The market for AR gaming is big enough to warrant its own discussion. In 2016, the Pokemon Go mobile game triggered a massive surge in interest for AR apps and games. By the end of 2017, Pokemon Go alone was responsible for 84% of the total global consumer spending on AR apps. Right now, there have been more than 1 billion downloads of Pokemon Go, and it is forecasted to reach a total revenue of $1.2 billion.  
With more than 26% of smartphones able to support AR apps, it truly is a ripe market for the technology to take off. Across all the app stores, there are more than 800,000 games are available for download. Gaming remains the most popular category of AR apps, accounting for 25% of all apps downloaded, followed closely by lifestyle (20%) and productivity (13%).
A year after the hype started by Pokemon Go, Apple released the ARKit, an environment where developers could come up with their own AR apps. From September 2017 to March 2018, ARKit had 13 million downloads. 47% of these downloads were for AR games. 
Augmented Reality market demographics
According to a global survey of nearly 4000 internet users, about 23% of the participants have used AR technology in the past, and the same percentage accounts for the participants who have used VR headsets. Separated by age group, both the 16 to 24 and 25 to 24 groups comprise of 35% each of the users of AR technology. Adoption is a little lower for the 35 to 44 age group, with only 27%. A large drop to just 3% was recorded for the 55 to 64 age group.
In terms of gender, 29% of the male respondents have used AR technology, compared to only 17% of the female respondents. 
Global shares are a little harder to define because only the UK has data that is worth analyzing. According to UK’s AR statistics, there are now around 1000 UK-based companies that use some form of VR, AR, or mixed-reality technology. With almost half a million people in the employ of these companies, the contribution of AR/VR technology to the UK economy is certainly significant. UK’S contribution to the global AR/VR market is around 9%.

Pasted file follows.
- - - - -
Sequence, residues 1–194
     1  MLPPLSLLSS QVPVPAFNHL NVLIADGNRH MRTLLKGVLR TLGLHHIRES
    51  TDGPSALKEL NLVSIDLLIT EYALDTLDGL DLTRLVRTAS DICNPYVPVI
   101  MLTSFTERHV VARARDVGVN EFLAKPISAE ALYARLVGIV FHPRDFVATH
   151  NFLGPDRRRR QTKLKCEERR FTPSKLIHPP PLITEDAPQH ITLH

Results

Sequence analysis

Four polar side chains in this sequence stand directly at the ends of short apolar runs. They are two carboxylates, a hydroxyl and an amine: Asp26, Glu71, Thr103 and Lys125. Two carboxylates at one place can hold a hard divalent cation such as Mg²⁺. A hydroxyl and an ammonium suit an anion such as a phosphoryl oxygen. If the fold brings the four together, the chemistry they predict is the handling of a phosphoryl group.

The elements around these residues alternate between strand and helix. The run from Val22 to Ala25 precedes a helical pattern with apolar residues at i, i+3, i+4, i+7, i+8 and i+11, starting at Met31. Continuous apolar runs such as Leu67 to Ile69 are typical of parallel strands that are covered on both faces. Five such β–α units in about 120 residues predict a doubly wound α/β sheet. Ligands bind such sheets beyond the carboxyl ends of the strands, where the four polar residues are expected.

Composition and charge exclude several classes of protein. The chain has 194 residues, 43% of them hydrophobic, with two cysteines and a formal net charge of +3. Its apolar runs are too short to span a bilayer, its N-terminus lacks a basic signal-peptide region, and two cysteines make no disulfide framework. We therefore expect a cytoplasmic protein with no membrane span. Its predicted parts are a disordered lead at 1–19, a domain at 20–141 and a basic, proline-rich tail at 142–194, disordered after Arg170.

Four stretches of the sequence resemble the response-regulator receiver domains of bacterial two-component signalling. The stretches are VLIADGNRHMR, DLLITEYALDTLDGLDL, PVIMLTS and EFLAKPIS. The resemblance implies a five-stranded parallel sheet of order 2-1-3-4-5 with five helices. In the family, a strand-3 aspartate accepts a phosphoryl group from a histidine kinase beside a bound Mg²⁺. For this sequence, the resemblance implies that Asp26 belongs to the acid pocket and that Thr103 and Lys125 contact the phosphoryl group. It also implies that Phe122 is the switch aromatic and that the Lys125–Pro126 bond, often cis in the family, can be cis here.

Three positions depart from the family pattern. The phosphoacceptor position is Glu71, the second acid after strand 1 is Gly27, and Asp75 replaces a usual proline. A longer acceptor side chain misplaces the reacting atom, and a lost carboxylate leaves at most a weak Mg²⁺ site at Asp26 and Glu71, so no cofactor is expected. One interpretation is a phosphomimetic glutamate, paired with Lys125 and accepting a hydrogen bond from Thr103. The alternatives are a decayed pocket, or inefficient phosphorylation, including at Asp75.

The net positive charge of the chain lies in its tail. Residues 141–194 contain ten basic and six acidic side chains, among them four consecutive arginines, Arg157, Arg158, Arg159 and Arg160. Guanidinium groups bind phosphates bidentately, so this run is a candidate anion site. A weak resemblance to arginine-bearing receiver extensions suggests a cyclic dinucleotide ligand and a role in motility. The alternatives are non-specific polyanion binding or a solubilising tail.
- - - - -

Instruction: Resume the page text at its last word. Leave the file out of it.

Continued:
Benefits of Augmented Reality
A 2016 study looked into the benefits of using AR technology as a component of everyday life and in a work setting. Based on the results, 70% of participants believed that AR technology could help them in developing new skills. 67% of the respondents believed that AR could be used to enhance healthcare delivery, while 64% believed that AR could make the shopping experience better. 
In a professional setting, respondents indicated that AR technology can be used in three particular areas – product demonstrations, training of skills, and crafting workplace safety guides. 
Barriers to growth of the Augmented Reality market
When it comes to the barriers to the adoption of AR technologies, 41% of respondents have cited that bulky hardware, such as headsets and controllers, have turned them off from trying out VR. 39% of respondents have also expressed concerns about the technical limitations of AR and the bugs inherent in such a young and immature technology. All these factors can be lumped into a single aspect – user experience. If AR companies can ensure a smoother user experience for their products, then that might be enough to sway more than 70% of the population to try out AR devices. 
Next to user experience, the lack of AR content was also cited as a major barrier to adoption, with 25% of participants echoing the sentiment. Cost was a factor for 14% of respondents, while the rest were concerned about regulatory and legal risks and the chance of government oversight.